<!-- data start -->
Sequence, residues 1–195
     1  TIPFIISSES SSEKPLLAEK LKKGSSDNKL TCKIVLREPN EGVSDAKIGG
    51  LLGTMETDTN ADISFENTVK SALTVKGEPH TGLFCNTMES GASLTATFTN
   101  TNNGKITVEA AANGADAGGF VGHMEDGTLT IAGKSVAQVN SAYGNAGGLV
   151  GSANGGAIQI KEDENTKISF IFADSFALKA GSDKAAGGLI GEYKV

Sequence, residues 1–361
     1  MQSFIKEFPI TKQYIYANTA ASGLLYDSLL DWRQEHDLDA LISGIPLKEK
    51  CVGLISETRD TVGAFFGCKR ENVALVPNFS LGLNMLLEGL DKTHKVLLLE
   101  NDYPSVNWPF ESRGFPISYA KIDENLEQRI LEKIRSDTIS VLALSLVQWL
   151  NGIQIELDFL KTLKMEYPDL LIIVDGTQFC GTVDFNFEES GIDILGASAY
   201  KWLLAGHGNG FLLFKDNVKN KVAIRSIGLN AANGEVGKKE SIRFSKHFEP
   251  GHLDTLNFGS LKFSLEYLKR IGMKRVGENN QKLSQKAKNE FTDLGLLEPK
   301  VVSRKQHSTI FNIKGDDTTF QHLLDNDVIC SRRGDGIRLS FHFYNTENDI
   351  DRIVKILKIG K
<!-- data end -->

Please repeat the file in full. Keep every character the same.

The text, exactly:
Sequence, residues 1–195
     1  TIPFIISSES SSEKPLLAEK LKKGSSDNKL TCKIVLREPN EGVSDAKIGG
    51  LLGTMETDTN ADISFENTVK SALTVKGEPH TGLFCNTMES GASLTATFTN
   101  TNNGKITVEA AANGADAGGF VGHMEDGTLT IAGKSVAQVN SAYGNAGGLV
   151  GSANGGAIQI KEDENTKISF IFADSFALKA GSDKAAGGLI GEYKV

Sequence, residues 1–361
     1  MQSFIKEFPI TKQYIYANTA ASGLLYDSLL DWRQEHDLDA LISGIPLKEK
    51  CVGLISETRD TVGAFFGCKR ENVALVPNFS LGLNMLLEGL DKTHKVLLLE
   101  NDYPSVNWPF ESRGFPISYA KIDENLEQRI LEKIRSDTIS VLALSLVQWL
   151  NGIQIELDFL KTLKMEYPDL LIIVDGTQFC GTVDFNFEES GIDILGASAY
   201  KWLLAGHGNG FLLFKDNVKN KVAIRSIGLN AANGEVGKKE SIRFSKHFEP
   251  GHLDTLNFGS LKFSLEYLKR IGMKRVGENN QKLSQKAKNE FTDLGLLEPK
   301  VVSRKQHSTI FNIKGDDTTF QHLLDNDVIC SRRGDGIRLS FHFYNTENDI
   351  DRIVKILKIG K